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Kendell-Mann numbers $M(n)$ ( see the sequence A000140 http://oeis.org/A000140 ) have the simple property: $M(n+1) \approx (n-1/2)M(n)$.

The property can be proved by different methods. For eg. The property of Kendall-Mann numbers

What I am looking for is to find out if a combinatorial proof exists?

For eg. Let us start: Suppose we look at all the permutations of $n-1$ in the maximal grouping, then at all the permutation of $n$ in that maximal grouping; is there any simple way in which each permutation in the first set gives rise to $n$ permutations in the second? Better yet, a simple way in which about half the $n-1$-permutations give rise to $n$ $n$-permutations each, and the other half give rise to $n+1$ $n$-permutations each?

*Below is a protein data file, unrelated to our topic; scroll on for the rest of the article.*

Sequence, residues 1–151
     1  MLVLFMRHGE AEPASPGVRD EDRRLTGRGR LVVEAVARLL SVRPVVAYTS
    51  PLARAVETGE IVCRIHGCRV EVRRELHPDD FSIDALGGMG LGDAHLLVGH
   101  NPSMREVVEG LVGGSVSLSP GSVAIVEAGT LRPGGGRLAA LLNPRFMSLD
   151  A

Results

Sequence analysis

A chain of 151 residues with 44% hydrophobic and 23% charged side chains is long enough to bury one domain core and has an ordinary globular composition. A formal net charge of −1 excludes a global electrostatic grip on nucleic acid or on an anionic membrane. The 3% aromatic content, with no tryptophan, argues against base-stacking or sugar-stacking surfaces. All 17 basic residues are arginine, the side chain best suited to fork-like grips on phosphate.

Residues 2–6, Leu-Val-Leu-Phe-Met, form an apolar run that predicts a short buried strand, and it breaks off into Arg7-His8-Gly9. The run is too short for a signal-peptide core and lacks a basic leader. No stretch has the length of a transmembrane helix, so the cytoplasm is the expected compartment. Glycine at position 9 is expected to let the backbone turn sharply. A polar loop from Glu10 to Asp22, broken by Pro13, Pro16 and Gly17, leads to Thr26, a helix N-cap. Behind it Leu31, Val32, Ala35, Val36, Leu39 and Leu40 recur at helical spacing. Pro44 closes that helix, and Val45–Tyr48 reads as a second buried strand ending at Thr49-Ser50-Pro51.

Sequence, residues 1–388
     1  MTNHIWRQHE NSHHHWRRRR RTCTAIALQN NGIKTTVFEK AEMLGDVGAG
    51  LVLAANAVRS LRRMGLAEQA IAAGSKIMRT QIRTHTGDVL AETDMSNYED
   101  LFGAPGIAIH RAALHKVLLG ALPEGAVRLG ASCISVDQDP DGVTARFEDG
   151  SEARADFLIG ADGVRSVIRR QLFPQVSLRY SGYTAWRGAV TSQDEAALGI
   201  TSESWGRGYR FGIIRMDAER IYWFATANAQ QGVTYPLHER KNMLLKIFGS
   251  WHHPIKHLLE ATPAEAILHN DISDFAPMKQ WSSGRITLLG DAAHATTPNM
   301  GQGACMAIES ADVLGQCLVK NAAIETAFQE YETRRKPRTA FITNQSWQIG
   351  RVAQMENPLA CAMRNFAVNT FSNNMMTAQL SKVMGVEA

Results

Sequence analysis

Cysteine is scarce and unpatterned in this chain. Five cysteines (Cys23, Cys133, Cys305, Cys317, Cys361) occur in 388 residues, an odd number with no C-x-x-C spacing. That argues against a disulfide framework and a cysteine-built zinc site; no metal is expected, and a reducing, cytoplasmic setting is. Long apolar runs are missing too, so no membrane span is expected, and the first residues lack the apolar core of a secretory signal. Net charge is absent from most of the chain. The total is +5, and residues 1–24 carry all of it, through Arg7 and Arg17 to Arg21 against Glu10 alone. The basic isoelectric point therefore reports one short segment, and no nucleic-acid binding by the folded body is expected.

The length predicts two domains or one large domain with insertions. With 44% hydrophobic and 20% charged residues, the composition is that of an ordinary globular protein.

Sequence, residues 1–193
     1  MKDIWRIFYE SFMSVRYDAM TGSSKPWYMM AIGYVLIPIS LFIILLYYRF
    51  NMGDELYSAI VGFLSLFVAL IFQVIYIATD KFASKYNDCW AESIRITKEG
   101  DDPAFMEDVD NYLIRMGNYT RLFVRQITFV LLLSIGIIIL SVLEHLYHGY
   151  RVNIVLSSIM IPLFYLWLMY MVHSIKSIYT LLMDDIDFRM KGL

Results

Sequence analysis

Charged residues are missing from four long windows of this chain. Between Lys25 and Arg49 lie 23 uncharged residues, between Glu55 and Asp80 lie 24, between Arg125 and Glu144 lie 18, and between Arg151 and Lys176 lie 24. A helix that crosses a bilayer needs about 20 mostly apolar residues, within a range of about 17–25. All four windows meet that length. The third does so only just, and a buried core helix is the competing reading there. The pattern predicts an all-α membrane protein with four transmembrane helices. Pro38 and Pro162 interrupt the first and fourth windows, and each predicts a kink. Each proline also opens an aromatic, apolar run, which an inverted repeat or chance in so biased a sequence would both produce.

Any hints are higly welcomed. I hope that the combinatorial proof will makes the reason for the simple property more transparent.

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Do you agree that the description at OEIS, namely "Kendall-Mann numbers: the maximal number of inversions in a permutation on n letters is floor(n(n-1)/4); a(n) = number of permutations with this many inversions" is wrong? It should refer to the maximum number of permutations having the same number of inversions, right? –  Brendan McKay Aug 29 '11 at 22:58
    
Well, let $I_n(k)$ - the number of permutations of $n$ objects with precisely $k$ inversions. We should study the property of the numbers $M(n)=I_n([n(n-1)/4])$. –  Mikhail Gaichenkov Aug 30 '11 at 8:15
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